11) Luis Jimenez, 3B, Grade C+
: I still think he’s interesting despite his age (26) and poorly-timed injuries last year. His glove is much better than the scouting reports said it was, but in contrast his bat has stagnated. I still think that he can have a "surprise" season this year or next. He’s in the right age window.

12) Mike Morin, RHP, Grade C+:
Here’s another promising bullpen arm, a 13th round pick from North Carolina in 2012 who levered his fastball and changeup into a 1.93 ERA, 76/10 K/BB in 70 innings, and 23 saves between High-A and Double-A. We could see him in 2014.

13) Eric Stamets, SS, Grade C+:
Very impressive defensive shortstop with speed, contact hitting ability, projects as a utility guy due to lack of power. Could be similar to Andrew Romine but there’s still a chance he could be better, maybe.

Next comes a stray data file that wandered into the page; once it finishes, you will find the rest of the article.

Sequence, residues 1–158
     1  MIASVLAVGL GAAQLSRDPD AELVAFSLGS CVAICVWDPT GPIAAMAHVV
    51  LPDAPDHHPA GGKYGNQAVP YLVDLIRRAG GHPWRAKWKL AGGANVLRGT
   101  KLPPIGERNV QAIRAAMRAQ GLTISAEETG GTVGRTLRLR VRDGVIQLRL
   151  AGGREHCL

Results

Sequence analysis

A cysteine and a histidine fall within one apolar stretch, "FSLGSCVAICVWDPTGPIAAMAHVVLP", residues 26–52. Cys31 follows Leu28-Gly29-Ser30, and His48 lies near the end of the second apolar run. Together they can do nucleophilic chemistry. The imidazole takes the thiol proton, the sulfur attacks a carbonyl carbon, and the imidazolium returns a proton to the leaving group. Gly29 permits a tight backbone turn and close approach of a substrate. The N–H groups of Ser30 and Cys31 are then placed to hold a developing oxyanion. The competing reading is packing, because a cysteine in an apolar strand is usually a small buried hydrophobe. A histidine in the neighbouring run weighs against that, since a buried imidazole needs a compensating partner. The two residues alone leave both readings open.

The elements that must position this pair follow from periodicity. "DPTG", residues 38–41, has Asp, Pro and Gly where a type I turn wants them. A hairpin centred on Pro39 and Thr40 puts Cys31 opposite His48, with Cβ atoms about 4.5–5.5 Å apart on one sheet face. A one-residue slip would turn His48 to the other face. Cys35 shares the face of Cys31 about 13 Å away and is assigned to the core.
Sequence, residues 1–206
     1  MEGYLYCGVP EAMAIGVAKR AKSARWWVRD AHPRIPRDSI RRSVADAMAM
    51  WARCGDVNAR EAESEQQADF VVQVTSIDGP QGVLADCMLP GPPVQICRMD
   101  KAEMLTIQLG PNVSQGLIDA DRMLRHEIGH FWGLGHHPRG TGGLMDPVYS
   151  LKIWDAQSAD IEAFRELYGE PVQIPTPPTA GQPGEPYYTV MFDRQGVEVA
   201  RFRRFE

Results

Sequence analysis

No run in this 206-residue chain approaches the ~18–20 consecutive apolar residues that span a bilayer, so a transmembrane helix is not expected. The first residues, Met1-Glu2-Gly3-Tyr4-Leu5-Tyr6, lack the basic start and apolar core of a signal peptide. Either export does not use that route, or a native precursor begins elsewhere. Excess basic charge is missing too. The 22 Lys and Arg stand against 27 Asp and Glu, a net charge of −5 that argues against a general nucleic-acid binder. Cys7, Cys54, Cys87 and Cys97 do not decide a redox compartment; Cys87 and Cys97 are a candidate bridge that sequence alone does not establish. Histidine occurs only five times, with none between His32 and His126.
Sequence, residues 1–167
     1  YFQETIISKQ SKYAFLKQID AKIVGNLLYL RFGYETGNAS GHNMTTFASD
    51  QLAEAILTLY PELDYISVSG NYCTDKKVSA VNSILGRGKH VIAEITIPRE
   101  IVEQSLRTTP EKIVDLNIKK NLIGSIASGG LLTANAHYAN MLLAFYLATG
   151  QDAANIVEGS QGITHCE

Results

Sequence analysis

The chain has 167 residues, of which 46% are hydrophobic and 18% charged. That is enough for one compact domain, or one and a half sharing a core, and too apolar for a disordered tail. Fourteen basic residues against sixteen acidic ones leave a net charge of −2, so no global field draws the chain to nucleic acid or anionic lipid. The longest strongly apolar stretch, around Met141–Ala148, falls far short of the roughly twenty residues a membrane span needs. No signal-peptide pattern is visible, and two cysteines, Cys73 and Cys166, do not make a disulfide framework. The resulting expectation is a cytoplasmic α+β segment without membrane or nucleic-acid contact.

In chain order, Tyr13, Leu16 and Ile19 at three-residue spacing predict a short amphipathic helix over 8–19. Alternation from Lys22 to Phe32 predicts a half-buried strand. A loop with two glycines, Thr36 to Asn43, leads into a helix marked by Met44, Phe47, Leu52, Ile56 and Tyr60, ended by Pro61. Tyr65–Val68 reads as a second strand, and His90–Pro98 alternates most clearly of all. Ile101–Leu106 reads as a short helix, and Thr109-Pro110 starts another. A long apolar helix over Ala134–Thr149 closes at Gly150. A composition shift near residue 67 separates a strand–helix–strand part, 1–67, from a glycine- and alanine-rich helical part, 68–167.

14) Nataniel Delgado, OF, Grade C:
Signed out of Dominican in 2012, hit .271/.311/.422 in the Arizona Rookie League but was just 17 years old. Very raw, particularly on defense, but has the tools to improve. Wouldn’t rank on a top 20 list in most organizations.

15) Reid Scoggins, RHP, Grade C:
Clocked as high as 101 in junior college, works in the mid-90s, struck out 76 in 65 innings in Low-A (with 3.46 ERA) but is still working on command and secondary pitches. Another potential relief arm with a good ceiling.

16) Cam Bedrosian, RHP, Grade C: